Value has been recognised as one of the most important factors for equities since the pioneering work by Fama and MacBeth (1973). In equities, the book-to-market value ratio has traditionally been ...
Value has been recognised as one of the most important factors for equities since the pioneering work by Fama and MacBeth (1973). In equities, the book-to-market value ratio has traditionally been used as a proxy for the value factor. Natural as this choice is for this asset class, it is difficult to translate the concept of value to the ﬁxed-income domain.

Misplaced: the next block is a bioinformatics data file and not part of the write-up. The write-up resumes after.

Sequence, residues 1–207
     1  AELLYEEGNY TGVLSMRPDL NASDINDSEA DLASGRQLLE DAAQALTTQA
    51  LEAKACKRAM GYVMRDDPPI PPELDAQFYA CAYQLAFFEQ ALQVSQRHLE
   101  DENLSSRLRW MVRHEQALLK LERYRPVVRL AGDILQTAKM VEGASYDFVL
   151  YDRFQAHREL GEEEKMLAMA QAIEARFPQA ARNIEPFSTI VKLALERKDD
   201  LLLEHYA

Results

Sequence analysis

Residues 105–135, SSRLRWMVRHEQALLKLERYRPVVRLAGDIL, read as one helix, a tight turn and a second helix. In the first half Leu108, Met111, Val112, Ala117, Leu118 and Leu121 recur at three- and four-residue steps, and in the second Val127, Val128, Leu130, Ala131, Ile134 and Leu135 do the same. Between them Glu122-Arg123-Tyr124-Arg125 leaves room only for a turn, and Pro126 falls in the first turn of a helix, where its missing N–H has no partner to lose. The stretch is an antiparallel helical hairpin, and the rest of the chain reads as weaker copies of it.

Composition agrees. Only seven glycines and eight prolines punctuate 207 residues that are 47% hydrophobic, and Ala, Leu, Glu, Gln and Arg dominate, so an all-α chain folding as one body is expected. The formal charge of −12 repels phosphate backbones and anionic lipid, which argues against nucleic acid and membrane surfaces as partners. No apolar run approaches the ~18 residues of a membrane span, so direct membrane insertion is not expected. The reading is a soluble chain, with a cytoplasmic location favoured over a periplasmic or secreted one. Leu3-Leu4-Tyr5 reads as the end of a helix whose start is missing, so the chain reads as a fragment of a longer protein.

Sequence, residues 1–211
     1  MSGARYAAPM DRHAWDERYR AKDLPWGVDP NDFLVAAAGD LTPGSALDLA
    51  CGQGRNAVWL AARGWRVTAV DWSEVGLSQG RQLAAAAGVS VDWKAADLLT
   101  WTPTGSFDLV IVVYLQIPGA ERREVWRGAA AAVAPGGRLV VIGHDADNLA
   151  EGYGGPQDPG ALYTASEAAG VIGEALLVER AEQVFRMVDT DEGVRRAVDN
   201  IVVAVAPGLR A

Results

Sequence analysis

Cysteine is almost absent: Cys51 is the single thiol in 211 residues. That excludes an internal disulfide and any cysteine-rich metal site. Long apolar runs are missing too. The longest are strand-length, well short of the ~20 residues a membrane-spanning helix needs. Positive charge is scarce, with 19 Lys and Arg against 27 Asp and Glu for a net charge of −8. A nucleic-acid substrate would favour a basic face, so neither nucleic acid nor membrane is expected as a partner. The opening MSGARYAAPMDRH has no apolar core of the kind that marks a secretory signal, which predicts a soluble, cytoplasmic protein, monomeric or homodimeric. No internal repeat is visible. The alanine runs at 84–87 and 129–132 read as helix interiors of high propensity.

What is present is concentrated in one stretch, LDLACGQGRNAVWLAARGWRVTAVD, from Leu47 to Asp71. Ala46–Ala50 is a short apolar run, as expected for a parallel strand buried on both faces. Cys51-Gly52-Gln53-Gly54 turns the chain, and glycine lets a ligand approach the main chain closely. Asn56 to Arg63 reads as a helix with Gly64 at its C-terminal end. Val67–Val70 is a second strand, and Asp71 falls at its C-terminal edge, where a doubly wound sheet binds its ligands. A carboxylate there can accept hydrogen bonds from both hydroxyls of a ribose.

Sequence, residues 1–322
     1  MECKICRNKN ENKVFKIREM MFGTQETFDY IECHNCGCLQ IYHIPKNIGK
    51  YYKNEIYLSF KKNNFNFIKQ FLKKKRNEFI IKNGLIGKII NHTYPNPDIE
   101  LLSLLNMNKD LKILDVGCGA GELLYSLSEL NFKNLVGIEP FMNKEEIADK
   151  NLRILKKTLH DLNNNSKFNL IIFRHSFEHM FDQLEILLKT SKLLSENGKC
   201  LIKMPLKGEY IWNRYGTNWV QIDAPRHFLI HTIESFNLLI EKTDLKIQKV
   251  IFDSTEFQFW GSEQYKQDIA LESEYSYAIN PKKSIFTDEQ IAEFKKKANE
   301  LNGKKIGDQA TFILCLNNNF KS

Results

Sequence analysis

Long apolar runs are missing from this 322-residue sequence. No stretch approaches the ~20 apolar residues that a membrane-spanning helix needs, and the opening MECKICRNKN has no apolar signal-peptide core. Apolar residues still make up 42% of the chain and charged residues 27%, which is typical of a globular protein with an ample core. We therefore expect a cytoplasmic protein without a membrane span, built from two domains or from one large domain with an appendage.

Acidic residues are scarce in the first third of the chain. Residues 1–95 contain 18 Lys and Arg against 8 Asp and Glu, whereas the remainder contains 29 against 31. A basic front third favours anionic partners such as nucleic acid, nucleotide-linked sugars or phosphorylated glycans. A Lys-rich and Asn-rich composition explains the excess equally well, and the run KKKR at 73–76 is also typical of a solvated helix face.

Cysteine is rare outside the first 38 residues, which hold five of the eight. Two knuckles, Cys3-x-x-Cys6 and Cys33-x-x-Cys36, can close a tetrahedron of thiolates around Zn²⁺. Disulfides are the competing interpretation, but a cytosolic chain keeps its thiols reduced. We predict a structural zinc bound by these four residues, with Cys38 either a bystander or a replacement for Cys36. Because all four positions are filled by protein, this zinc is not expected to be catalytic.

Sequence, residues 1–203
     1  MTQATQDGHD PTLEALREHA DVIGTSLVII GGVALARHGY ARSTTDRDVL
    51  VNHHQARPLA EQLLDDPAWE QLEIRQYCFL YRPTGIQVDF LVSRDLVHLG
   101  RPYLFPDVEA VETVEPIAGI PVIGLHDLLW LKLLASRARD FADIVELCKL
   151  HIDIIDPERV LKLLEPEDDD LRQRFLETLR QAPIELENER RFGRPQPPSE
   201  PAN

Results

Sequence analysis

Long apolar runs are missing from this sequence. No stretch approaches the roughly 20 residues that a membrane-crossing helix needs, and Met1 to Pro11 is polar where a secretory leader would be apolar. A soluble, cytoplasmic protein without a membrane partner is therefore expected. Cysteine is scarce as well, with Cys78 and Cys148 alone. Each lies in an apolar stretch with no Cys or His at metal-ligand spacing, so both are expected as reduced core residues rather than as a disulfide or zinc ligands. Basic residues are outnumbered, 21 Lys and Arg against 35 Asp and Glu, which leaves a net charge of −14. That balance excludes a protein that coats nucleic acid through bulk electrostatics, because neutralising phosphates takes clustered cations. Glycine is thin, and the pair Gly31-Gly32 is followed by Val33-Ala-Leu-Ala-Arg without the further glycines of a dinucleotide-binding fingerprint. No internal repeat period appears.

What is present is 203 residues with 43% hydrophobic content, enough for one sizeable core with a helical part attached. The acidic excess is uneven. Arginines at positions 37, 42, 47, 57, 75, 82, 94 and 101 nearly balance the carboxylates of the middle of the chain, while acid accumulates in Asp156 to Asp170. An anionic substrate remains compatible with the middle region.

In this paper, “Factor Investing in Fixed-Income – Defining and Exploiting Value in Sovereign Bond Markets”, we propose a deﬁnition of value in Treasury bonds that, we believe, is more satisfactory than deﬁnitions found in the recent literature, and that allows statistically signiﬁcant and economically relevant predictions of cross-sectional excess returns. Our value pricing factor exploits the differences between the market and the theoretical values of Treasury bonds, where the theoretical value is assessed using an economically-justiﬁable Gaussian dynamic term structure model.
We show that the proﬁtability of the strategy we build using our value signal is closely linked to Treasury market volatility, and we provide an explanation for this strong link using arguments similar to those that can be found in the recent literature on liquidity in Treasuries.
|Type :||Publication EDHEC|
|Date :||le 27/06/2019|
|Pôle de recherche||Finance|